This page is an ongoing comparison of 2 useful snippet of codes that helps you

manage heavy scripts. 

The common thing is that both of the functions asks a question that is either 

False or True aka 0 or 1.


This expression is asking a question when you use it -

Is the Graphic User Interface ( = GUI ) is in use or not?

When it is the value is True aka 1, and when it isn't the value is False aka 0.

This is a very useful snippet when you have some heavy nodes of your script and only want to render them on the farm ( which is a situation

when the script is active but no user interface is in use ).

So let's see how to use it in a common situation when you have a heavy node and would like to render only on the farm so

would add this to the 'disable' knob:

1. Right click on the 'disable' knob and select 'Add expression..'

2. In the Expression window can type now $gui and hit OK.

3. If everything is fine you'll see that the knob turned blue and your node has an E in the corner.

4. If you want to remove the expression, right click on the knob and select 'No animation'.

If you want you can also assign different values than 0 and 1.

In this case using a '?' you can ask if the user interface is True THEN use the value 5 ELSE use 50.

If for some reasons you want to reverse the value, you can put

an exclamation mark ( ! ) before the $gui.

To dive deeper into how powerful this function is let's use some python!

Using python we can assign expression values to knobs where we can't do manually otherwise.

In the following example we use it on the ScanlineRender's 'antialiasing' knob in order to see with 'none' while we are working and 'high' on the render. 

( If you are new to Python in Nuke I recommend this tutorial you might find useful. )

And here is another very useful snippet that I found a while ago here.

It prints the name of the nodes and knobs that has $gui as a value:


This function is relatively new as it was introduced quietly with Nuke v11 on the API.

In theory it works very similarly as $gui except that it also works on local renders

which is a huge benefit. Unfortunately, the downside is that it doesn't work always as expected.

The reason is something that I am still trying to figure out but with this post I would like to 

inspire some more experiments as this function seems a worty rival of the $gui.

But first let's see how can you use it!

So if you open the Expression window as mentioned earlier and just type in

the code you will receive an Error message.

To fix this on the right side of the window you can turn Off the 'R' button and On the 'Py' 

so it will read the input as a python code.

If you want to reverse the values just put 'not' before the code.

If you need different values than 0 and 1 can use an If statement.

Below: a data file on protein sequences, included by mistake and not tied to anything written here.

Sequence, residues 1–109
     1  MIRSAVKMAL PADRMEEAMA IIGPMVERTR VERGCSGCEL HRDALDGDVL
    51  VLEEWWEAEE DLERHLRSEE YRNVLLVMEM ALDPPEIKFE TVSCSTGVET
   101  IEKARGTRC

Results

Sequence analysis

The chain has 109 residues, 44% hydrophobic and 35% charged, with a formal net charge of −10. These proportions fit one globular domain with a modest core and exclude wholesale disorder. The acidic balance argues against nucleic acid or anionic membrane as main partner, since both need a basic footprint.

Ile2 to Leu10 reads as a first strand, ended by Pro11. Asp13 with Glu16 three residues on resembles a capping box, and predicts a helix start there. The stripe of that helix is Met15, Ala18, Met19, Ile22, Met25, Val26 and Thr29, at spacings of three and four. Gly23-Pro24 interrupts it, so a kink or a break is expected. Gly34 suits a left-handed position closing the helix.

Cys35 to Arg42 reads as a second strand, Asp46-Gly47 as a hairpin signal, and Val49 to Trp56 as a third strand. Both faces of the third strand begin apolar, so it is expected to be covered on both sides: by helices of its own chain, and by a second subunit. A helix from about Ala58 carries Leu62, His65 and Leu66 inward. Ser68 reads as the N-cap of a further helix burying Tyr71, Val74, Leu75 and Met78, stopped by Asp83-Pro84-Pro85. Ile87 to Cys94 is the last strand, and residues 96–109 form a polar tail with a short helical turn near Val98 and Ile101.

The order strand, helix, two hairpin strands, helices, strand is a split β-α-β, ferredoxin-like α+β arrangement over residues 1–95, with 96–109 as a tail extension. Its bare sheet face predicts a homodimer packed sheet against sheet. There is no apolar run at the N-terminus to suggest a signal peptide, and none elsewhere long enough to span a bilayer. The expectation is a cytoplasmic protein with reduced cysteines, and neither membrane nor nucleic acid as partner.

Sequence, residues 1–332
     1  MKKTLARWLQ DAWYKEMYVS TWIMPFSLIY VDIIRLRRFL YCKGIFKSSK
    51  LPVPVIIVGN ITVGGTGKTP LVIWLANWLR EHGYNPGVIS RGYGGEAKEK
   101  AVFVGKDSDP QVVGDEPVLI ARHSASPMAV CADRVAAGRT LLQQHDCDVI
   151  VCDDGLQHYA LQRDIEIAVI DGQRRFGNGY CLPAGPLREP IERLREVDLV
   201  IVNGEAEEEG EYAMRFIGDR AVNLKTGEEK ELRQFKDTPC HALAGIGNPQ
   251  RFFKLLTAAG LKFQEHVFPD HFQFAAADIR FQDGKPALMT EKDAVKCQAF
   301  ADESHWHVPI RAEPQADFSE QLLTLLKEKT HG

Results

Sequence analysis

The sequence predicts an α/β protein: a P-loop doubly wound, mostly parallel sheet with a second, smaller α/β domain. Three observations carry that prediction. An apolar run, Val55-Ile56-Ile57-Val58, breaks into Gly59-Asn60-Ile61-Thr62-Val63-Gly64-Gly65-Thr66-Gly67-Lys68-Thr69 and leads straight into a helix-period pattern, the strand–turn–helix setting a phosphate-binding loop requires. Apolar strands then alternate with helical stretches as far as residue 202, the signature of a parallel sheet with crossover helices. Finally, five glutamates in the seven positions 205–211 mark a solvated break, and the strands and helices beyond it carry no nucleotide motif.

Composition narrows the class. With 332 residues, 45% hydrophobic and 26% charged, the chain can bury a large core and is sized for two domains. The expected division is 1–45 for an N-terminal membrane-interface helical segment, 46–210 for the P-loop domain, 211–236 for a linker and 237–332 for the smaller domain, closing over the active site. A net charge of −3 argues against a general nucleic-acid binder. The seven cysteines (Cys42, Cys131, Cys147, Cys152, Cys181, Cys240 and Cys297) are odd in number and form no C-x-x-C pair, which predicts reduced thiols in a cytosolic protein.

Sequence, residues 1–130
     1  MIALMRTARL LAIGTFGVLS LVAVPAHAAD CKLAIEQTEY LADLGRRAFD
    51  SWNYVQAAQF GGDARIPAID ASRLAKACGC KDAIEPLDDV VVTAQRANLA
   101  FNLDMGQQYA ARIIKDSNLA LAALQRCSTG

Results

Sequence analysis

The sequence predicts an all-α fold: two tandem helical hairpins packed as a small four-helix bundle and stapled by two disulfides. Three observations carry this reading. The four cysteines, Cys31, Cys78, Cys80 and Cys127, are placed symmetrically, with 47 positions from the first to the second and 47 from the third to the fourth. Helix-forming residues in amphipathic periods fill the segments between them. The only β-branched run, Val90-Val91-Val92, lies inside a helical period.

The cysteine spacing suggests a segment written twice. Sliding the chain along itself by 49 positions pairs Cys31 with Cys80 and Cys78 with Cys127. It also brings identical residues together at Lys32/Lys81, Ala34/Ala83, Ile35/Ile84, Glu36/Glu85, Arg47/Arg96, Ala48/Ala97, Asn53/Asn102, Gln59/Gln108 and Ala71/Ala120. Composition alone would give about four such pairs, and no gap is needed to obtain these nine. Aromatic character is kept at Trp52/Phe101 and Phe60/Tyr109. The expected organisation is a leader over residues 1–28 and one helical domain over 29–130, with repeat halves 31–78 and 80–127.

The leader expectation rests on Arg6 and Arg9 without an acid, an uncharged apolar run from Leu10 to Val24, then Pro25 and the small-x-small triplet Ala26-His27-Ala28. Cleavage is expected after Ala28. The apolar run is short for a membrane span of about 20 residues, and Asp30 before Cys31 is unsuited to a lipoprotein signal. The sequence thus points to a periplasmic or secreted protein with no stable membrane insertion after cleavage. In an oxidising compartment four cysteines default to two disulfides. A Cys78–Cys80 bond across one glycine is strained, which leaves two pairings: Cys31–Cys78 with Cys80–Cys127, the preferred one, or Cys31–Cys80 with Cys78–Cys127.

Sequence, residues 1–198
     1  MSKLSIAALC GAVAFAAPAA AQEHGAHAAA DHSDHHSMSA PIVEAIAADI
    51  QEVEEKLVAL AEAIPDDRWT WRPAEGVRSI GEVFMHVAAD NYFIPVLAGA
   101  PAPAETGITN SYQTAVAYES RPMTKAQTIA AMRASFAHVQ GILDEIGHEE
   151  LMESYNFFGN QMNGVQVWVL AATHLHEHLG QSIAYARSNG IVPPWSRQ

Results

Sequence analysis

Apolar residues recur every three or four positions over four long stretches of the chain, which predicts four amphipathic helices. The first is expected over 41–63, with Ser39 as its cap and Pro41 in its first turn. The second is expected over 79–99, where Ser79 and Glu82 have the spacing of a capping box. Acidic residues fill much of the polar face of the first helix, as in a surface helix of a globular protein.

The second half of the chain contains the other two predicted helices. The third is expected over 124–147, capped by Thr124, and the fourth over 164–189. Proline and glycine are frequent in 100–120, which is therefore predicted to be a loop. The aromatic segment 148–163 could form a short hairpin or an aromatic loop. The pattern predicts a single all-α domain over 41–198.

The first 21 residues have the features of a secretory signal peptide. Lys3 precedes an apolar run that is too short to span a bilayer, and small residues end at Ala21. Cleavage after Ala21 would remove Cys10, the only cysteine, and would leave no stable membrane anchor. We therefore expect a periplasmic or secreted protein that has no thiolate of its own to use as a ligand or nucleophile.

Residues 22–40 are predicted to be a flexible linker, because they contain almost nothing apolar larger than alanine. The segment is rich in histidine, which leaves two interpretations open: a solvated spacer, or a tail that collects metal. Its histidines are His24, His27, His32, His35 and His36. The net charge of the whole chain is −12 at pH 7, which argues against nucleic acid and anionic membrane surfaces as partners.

If you need to use the code as an expression can use this formula.

Another useful and safe application for both codes is to apply it in a Switch node.

If you need a ready made gizmo for this purpose you can get a Render Switch

that I built earlier using executing().

So as a downside so far I found that this function doesn't work with a

ScanlineRender's 'antialiasing' knob for some reasons.

Altough it does work with other dropdown menus I tested on so far.

In order to get to the bottom of this feel free to join the converstaion on the Foundry Forum here!

Common courtesy

A story about the importance ​of the following point first:

A few years ago I inherited a script from someone who left the studio.

The script was large and vaguely organized and I was only asked to do some

minor changes so there was no point rebuilding anything.

The problem was that the latest render didn't match

with the part the latest Write node was connected to.

First, I started to look around in the script for parts that might match with the missing part.

( At a time it didn't occur to me that what I was looking for might have been disabled. )

Then I questioned if the pipeline worked well or accidentally dropped the latest script somewhere else?

Didn't find anything that would help so asked my Lead.

After the first half on hour he had a hunch of what's might going on.

He started to search through the nodes that had a little E in the corner.

Eventually, found the culprit as one of the nodes had a $gui in a `disable` knob.

This was a first time I heard about the $gui. 

I wasn't happy about it as it just cost me half a day of work that I spent with aimless search.

I am sure many compositors found out about the existence of this code the similar

way which is rather frustrating. Therefore many has mixed feelings about this function

although these can be great allies for us to be more effective.

Luckily, there is a simple solution to avoid these situations:

Here are two equally good ways but you can be more creative than that.

The point is only that if you are using any of these functions don't fail to 

indicate in a very very obvious way!

Hope you will find it useful! 

© 2014 by GATIMEDIA